2 Oct 2020

Electorate profile: Auckland Central a three-way race

9:56 am on 2 October 2020

Auckland Central is a diverse, young and highly-educated electorate three women are vying to represent this election.

From left, Chlöe Swarbrick, Emma Mellow and Helen White

From left, Chlöe Swarbrick, Emma Mellow and Helen White Photo: RNZ

The electorate is home to 60,000 people and plenty of towering developments and major roadworks in the heart of the CBD.

Tāmaki Makaurau is at the coalface of the Covid-19 border and confronted with all manner of issues from struggling small businesses to the health of the Hauraki.

The Labour Party's Helen White, the National Party's Emma Mellow and the Green Party's Chlöe Swarbrick have each thrown their hat into the ring for Auckland Central.

RNZ asked each of the candidates why they were running for the seat and what made them the best local representative.

Why are you standing for Auckland Central?

Helen White:

"I'm an employment lawyer and barrister and I'm standing in Auckland Central, and I did last time, because I was really concerned about what I was seeing in our city. I'm seeing a real breakdown in many of the things that made it a really nice place to live.

"I was particularly worried about the growth of homelessness and the acceptance that that was alright. In my work I have seen wages and people's access to justice dive. They have been increasingly isolated because they're no longer part of unions and there's just such disparity in income. I was seeing people coming into my office who earn quite a lot of money being able to enforce their rights and also people being taken advantage of because they didn't earn a lot of money and so they couldn't enforce those rights. And it was actually affecting the basic respect with which people were being treated."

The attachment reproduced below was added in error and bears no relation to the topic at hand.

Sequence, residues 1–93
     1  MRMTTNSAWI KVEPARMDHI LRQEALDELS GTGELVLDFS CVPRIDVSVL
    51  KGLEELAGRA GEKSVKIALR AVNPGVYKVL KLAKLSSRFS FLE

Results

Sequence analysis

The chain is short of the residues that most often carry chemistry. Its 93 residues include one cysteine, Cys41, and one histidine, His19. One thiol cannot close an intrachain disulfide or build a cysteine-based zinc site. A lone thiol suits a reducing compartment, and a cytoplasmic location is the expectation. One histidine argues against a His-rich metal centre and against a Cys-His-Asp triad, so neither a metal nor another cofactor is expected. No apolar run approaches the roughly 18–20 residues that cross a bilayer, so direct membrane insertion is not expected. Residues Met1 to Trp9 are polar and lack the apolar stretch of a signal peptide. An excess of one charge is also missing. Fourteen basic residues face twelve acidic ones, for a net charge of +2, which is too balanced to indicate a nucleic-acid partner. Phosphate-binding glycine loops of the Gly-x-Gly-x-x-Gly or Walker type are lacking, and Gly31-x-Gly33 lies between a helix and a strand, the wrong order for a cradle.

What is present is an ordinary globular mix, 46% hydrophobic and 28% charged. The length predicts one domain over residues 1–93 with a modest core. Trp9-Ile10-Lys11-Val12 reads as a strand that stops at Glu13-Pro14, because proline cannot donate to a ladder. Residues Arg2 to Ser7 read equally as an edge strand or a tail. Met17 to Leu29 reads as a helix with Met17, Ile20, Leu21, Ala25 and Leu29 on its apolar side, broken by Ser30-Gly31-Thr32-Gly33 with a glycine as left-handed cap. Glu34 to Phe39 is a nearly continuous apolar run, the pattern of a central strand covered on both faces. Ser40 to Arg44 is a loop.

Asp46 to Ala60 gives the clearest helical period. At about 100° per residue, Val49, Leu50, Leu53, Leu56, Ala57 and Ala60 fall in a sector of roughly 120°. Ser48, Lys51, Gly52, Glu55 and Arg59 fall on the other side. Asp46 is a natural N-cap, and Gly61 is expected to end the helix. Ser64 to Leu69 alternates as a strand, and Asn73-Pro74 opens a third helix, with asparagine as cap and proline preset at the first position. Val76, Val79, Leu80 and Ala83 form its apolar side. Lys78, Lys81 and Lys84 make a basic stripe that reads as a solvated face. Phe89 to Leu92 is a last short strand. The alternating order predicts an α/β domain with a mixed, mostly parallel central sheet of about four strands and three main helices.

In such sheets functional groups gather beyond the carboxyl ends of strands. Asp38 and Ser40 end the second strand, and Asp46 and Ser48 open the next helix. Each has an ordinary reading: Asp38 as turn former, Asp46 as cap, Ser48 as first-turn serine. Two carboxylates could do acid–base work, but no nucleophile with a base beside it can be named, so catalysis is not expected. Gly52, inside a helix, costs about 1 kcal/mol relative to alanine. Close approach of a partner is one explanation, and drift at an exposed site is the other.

Labour's Auckland Central candidate Helen White

Labour's Auckland Central candidate Helen White. Photo: RNZ / Simon Rogers

Emma Mellow:

"I believe we have the best city in New Zealand and I want to make it better. I returned home to New Zealand in 2017 from my OE in Sydney. I live in the electorate with my fiancé Chris; we're in an apartment. I'm 30 and my generation, and actually the people of Auckland Central, really care about jobs. They care about the future of our city, employment and infrastructure and those are challenges that National and me as a candidate can tackle."

Chlöe Swarbrick:

"I am standing in Auckland Central for the Greens because it's my home. It's why I got involved in politics. I've run small business here, I went to uni here, I live here and it's the community and the communities actually that I want to represent and fight for."

What are the three biggest issues in this electorate and how would you fix them?

Helen White:

"I have a cheat answer to that. I basically talk about affordability which covers a number of issues. If I have to break that down I'd say we've got to the point in the central city where it really matters what you earn. It's not an accessible or pleasant lifestyle if you are in the bottom end of the income bracket. So it affects things like housing and issues like renting are really underestimated because they affect [this electorate] more than they affect other parts of the country...

"We need a lot more affordable housing in the city for everyone so people who work here can live here. We need to accept that our population of children and old people in the city is going down for a reason; it's because it's not actually that easy to bring up kids in the city or stay if you're old...